Adding more liquid to the mix, another solution may use a cooling loop within the ITE that connects to an external technology cooling system (TCS) loop. Typically this loop is separate from the facility water, to which it transfers heat in a liquid-to-liquid heat exchanger. This is done because facility water and TCS water have different characteristics and needs, such as temperature range, water treatment, and pumping requirements.

A third option that incorporates even more liquid into the equation is immersion cooling, in which electronics are completely immersed in a dielectric fluid. While these arguably have the highest potential for a huge mess, they guarantee nearly 100% transfer of heat from the ITE to the cooling fluid as opposed to the facility air. Even more options exist that are hybrids or combinations of these techniques.

ITE Thermal Management Overview

Thermal management is the process by which a piece of ITE regulates itself, to enable the delivery of reliable, consistent performance. This means the thermal management of the system must optimize performance, efficiency, and even acoustics in the process of keeping the component temperatures within their limits.

The general thermal management process begins by collecting sensor data from throughout the ITE. This may include temperature, power, fan speed, air pressure, and other system activities. This data comes from a variety of sensors that are included in CPUs, RAM, power supplies, hard drives, GPUs, PCIe cards, physical chassis (i.e., at the air inlet), etc., shown in Figure 3.

The baseboard management controller (BMC) collects this sensor data over standardized bus protocols, and uses algorithms to generate system responses in the form of fan speeds, CPU performance states, and other power settings. Based on the components within the ITE, these algorithms can be quite different, as the primary heat drivers may vary greatly, as can the locations and availability of sensors. These algorithms are sometimes further affected by boot options or system settings that allow the customization of the ITE to its specific application and environmental conditions.

Although it can be defined somewhat easily, thermal management turns out to be an incredibly complex optimization problem in that it isn't just a single optimization. Rather it is a continuous optimization across a wide spectrum of conditions that can include fan failures, extreme CPU use, swappable components, and various environmental conditions ranging from overcooled to undercooled to facility cooling failure.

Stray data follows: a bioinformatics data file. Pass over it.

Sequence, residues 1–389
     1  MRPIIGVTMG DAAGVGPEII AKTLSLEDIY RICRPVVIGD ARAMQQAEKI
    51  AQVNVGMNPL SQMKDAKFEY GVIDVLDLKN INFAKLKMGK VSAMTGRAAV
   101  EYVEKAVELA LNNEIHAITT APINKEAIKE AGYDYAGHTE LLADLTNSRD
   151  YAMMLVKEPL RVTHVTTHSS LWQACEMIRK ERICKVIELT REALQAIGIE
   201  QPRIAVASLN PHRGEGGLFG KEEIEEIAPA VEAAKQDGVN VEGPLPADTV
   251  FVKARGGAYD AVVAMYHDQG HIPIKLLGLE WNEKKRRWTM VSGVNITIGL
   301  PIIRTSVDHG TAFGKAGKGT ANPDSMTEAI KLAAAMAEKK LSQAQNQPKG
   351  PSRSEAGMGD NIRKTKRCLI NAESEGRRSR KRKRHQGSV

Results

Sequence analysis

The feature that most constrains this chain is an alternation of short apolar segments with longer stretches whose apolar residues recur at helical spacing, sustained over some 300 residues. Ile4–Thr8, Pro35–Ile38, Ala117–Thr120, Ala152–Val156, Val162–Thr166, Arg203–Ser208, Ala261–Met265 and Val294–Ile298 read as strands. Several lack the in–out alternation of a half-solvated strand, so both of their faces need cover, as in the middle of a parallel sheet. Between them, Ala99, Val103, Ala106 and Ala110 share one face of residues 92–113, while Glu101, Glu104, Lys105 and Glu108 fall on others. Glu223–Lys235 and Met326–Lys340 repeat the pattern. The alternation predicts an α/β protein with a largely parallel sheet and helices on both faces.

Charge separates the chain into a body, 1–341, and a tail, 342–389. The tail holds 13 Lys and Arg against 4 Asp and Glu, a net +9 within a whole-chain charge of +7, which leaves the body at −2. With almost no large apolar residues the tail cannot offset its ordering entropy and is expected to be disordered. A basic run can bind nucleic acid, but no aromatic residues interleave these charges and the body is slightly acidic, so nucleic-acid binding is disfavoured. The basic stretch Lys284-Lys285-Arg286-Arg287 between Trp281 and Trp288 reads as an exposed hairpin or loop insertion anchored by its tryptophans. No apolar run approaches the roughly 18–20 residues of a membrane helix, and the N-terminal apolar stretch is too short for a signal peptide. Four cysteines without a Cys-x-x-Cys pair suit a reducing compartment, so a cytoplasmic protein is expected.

Closing Comments

From the smallest component to the largest ITE chassis, thermal design plays an incredibly important role and influences design throughout the data center industry. It is not a straightforward problem of keeping equipment cool, but rather an optimization of keeping equipment within acceptable temperatures while enabling the right blend of performance and efficiency.

For the HVAC design engineer, the most important focus is the providing the right "entering" thermal conditions (air or liquid) to the ITE. For the ITE manufacturers, it is an optimization problem involving a lot of different pieces of equipment and trade-offs.

As the data center industry rapidly evolves based on changing need and advancing technology, thermal design must constantly adapt to these changing conditions. In fact, across the last 50 years, the biggest constant within the industry has been change itself.

Will heat dissipation continue to grow upward? Or will another new technology revolutionize the CPU or memory, dramatically decreasing heat dissipation?

For the HVAC design engineer, these are challenging questions to answer. So regardless of the speculation, one safe bet is to assume that some form of scalability is necessary in the HVAC system design.

Donald L. Beaty, P.E., is president, David Quirk, P.E., is vice president, and Jeff Jaworski is an engineer at DLB Associates Consulting Engineers, in Eatontown, N.J.

Caption: FIGURE 1 Evolution of processor module level heat flux in high-end servers.

Caption: FIGURE 2 Airflow arrows representing different thermal characteristics in competing 1U server layouts.

Caption: FIGURE 3 Node diagram of a typical thermal/power management subsystem showing temperature and fan sensor locations.
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Author:Beaty, Donald L.; Quirk, David; Jaworski, Jeff
Publication:ASHRAE Journal
Geographic Code:1USA
Date:May 1, 2017